Art, antiques and collectibles headlines include sports memorabilia staying power, a 19th-century buckskin shirt expected to lasso in big bucks and a Pony Express stamp selling high.
From The Associated Press:
Sports memorabilia market heats up in cold economy
You just never know. In a bad economy, you’d figure collectors would be rushing to get ready cash by selling their memorabilia. But according to the president of Leland’s Auction House, that hasn’t been the case. In fact, there is not enough supply for the demand.
From The Vancouver Sun:
Aboriginal buckskin shirt could fetch $300,000 at auction
You have to figure the 19th-century Ottawa tribesman killed the deer himself and then spent time turning it into a decorated shirt at the monetary cost of zero. That shirt is going up for auction next week at Bonham’s in San Francisco, but be ready to write a bunch of zeros if you want to own it, maybe like five following a three.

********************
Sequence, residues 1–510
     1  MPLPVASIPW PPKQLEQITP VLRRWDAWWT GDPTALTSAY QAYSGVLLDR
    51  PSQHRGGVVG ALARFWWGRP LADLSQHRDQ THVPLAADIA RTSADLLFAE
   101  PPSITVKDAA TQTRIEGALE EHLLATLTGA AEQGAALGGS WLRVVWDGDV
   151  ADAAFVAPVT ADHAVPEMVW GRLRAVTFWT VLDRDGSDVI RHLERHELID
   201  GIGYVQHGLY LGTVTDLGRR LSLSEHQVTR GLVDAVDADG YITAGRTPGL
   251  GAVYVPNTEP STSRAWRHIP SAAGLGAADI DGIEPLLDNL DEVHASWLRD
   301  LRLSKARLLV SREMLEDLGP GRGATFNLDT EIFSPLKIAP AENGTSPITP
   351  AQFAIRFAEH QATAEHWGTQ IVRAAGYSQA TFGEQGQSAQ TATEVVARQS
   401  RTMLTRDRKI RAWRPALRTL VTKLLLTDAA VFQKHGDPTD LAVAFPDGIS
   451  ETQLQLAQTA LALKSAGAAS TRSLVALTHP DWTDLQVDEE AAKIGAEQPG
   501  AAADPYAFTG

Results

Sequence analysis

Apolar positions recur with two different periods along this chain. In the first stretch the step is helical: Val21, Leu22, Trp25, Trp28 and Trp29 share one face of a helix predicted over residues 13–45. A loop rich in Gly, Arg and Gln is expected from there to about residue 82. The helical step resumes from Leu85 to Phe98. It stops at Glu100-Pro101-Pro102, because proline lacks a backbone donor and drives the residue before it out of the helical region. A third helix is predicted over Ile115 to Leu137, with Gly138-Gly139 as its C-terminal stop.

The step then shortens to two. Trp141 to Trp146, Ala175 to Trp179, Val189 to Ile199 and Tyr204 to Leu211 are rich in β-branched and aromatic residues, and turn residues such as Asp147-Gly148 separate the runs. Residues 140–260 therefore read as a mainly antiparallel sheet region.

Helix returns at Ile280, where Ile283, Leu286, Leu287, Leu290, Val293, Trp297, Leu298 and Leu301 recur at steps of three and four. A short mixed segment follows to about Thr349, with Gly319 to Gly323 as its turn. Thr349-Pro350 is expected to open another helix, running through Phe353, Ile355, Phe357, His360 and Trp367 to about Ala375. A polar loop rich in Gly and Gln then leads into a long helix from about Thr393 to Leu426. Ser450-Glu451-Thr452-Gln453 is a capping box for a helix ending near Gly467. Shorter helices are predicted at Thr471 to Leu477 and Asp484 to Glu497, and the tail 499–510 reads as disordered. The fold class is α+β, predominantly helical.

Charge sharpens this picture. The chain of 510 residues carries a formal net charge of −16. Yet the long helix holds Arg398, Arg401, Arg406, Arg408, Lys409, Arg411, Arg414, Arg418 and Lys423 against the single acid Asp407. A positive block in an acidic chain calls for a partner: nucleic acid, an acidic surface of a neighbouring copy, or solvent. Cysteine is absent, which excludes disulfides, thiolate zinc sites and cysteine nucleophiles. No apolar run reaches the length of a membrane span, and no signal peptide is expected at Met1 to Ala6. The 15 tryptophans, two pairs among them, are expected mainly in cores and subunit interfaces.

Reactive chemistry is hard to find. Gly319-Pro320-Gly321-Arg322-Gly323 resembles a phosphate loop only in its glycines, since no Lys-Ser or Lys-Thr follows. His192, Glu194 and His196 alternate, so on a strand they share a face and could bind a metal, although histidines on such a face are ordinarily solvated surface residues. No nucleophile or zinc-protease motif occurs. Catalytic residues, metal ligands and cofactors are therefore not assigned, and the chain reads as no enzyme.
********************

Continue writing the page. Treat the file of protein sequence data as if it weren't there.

From The Associated Press via Auction Central News:
1860 Pony Express envelope sells for $460K in NY
It was only in existence for a mere 19 months, but that was long enough for the Pony Express to sear itself into American lore. A envelope stamped on the first day the Pony Express began, April 3, 1860, sold at auction this week for $460,000. It originally cost $2.
From The Washington Post:
1787 Washington letter sells for $3.2 million
George Washington made it very, very clear in a letter he wrote in 1787 that he liked what he saw in the new U.S. Constitution. Some 200 hundred years later, bidders showed they really, really liked what they saw in the letter. It had a presale estimate of $2.5 million and hammered down at $2.8 million. (The auction fee pushed the price up to $3.2 million.) Way to go, George.
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